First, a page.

Going to an organization’s website can provide important information, but may not give the kind of data that donors need most. I give money almost exclusively to organizations with which I have established some connection. This can be as simple as attending events to learn firsthand what their work is about, getting to know the staff doing the work or volunteering. Research shows that when we volunteer for an organization we’re more likely to also give money to that organization—and to do so in a more informed way.
Susan Ostrander, on how to give.
Professor Ostrander taught my Nonprofits, States, and Markets seminar at Tufts University, and more helpful guidelines to giving can be found in her interview about making donations matter. Great food for thought this holiday season!
Giving is actually a habit, and once you have it, it’s a really hard habit to break.
Daniel Kaufman, the cofounder of the One Percent Foundation
That’s exactly what Carlo Garcia (Twitter, Tumblr) has been doing for the last year and counting. This year, he basically picked one nonprofit organization a day, researched and wrote about it, and then donated usually $5 or $10. The organizations could (and did!) then use Carlo’s giving to get others on board, and readers of Carlo’s blog were also motivated to give.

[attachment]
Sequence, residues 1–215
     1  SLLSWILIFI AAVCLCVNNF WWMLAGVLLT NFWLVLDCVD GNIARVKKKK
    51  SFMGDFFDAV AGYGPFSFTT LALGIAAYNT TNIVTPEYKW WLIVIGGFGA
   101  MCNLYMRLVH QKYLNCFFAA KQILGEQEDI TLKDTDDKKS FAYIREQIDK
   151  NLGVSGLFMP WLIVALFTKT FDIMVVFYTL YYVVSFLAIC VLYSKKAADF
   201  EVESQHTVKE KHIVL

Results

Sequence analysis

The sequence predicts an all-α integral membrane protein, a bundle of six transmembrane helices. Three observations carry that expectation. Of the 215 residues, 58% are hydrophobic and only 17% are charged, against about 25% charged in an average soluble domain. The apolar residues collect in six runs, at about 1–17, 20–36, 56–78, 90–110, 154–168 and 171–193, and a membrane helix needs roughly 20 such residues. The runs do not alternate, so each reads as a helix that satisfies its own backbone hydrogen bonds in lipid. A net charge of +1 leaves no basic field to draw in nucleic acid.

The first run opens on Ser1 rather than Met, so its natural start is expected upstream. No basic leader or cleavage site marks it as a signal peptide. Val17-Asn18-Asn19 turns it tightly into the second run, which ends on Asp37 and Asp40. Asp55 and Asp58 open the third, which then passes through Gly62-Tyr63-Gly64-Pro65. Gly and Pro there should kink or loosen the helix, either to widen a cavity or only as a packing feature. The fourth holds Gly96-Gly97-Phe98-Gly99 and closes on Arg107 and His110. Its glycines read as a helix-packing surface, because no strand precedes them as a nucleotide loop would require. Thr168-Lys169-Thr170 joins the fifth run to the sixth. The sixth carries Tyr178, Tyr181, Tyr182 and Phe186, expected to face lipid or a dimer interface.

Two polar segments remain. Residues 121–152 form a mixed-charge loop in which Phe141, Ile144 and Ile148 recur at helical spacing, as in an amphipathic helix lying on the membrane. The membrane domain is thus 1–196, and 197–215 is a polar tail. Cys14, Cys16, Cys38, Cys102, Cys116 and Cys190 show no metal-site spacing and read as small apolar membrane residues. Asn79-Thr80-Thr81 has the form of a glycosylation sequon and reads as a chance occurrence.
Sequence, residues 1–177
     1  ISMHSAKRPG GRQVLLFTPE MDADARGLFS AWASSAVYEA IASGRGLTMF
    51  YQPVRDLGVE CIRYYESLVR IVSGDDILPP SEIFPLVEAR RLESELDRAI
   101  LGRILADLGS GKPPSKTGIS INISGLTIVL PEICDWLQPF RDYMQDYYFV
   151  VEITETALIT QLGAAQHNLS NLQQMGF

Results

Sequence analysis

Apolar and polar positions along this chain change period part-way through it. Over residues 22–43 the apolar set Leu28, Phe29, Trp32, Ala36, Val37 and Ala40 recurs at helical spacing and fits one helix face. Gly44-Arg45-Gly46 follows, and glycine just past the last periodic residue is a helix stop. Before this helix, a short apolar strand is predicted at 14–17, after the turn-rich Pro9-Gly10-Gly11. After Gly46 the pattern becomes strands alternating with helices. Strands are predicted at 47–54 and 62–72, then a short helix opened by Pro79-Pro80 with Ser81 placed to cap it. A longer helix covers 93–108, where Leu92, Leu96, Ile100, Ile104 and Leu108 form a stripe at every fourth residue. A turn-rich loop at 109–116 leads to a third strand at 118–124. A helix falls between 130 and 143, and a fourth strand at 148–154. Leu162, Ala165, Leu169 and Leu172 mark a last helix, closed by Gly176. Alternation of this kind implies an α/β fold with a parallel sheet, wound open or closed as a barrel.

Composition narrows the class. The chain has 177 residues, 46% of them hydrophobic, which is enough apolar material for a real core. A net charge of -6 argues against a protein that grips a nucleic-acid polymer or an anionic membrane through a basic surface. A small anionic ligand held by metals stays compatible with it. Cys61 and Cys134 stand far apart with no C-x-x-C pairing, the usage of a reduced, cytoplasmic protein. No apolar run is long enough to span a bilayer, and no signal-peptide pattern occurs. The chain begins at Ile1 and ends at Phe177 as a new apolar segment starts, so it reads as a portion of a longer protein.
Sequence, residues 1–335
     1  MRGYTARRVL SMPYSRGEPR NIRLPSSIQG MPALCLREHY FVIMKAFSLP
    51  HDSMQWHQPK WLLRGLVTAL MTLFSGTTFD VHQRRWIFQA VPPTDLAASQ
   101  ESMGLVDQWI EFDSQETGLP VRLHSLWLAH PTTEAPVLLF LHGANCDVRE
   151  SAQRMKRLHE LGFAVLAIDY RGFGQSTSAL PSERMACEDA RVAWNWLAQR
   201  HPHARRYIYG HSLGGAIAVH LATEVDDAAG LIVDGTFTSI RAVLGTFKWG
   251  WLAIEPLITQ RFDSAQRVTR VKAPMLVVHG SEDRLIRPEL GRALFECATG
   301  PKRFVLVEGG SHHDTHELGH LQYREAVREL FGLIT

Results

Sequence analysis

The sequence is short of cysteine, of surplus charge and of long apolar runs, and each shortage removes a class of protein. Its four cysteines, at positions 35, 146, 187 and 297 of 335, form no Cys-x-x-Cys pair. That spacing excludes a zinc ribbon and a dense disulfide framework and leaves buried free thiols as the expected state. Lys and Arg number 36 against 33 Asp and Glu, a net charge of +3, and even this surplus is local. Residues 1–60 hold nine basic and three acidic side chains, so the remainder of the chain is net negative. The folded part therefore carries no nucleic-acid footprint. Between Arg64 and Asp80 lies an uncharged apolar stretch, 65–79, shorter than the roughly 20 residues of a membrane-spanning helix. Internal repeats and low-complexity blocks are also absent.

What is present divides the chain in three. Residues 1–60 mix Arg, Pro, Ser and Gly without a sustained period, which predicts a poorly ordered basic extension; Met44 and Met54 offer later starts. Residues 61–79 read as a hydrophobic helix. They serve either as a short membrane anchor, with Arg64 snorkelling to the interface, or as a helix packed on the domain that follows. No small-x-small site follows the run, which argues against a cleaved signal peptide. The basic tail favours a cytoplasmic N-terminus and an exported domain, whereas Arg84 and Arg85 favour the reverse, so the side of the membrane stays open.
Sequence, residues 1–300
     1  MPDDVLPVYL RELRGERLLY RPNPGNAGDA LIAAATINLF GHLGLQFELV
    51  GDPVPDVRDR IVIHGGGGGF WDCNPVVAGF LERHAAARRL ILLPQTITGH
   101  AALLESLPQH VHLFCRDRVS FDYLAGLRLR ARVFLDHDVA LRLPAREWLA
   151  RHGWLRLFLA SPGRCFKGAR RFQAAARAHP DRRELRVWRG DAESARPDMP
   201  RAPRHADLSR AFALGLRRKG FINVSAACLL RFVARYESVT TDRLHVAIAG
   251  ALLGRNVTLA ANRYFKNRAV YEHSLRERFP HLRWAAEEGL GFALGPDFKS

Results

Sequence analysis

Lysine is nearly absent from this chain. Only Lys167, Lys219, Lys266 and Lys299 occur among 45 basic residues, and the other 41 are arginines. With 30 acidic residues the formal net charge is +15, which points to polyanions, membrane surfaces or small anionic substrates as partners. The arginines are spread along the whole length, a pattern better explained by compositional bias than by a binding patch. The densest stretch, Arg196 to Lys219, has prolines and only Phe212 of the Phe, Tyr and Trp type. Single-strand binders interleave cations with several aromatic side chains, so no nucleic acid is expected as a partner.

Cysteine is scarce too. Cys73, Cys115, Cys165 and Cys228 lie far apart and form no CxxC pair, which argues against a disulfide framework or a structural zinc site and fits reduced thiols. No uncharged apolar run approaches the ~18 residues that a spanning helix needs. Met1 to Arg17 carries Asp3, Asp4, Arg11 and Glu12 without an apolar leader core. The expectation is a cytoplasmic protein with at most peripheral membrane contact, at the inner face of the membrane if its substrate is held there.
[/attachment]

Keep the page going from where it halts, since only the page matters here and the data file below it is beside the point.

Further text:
For Year II, Carlo has strategically tapped the Living Philanthropic following to give too. From his post about what’s to come:
What’s the plan?: For my part, I will be selecting 12 charities for the next year, starting in April 2011. One featured charity a month, you may see some of my past favorites as well as some newbies. Each month, I will be saving my daily donations (at least $1 a day) and donating that money in one lump sum to featured charity of the month. My hopes are to increase the impact and exposure for the featured charity.
Take the pledge!: If you would like to join me or if you have already started your own mission of giving, why not take the Living Philanthropic pledge? Pledge to take the Living Philanthropic challenge! You can choose your level of commitment and path. I will be creating a page with links to everyone Living Philanthropic.
Tally it up!: After you’ve made your contributions whether time or money, be sure to add your give to the Living Philanthropic total, so we can keep track of our impact! Add your give to the tally here!
Blog with Me!: I want to blog with you! Anytime during Year 2, if you make a donation to a featured charity of the month and would like to write a post about it. I invite you to Contribute a post to Living Philanthropic! You can write anything you want, talk about why you decided to donate or share a personal story relating to the featured organization. My favorite part of year one has been hearing from you, so I want to share as many of your stories with everyone else as much as possible.
I’m on board. I love it. This is the kind of sincere, impactful giving that there should be more of. And, he shows that anyone is capable of giving in some way everyday (and has made the hashtag #giveeveryday popular!). AND, he highlights a truly remarkable set of organizations that are creating powerful change in society.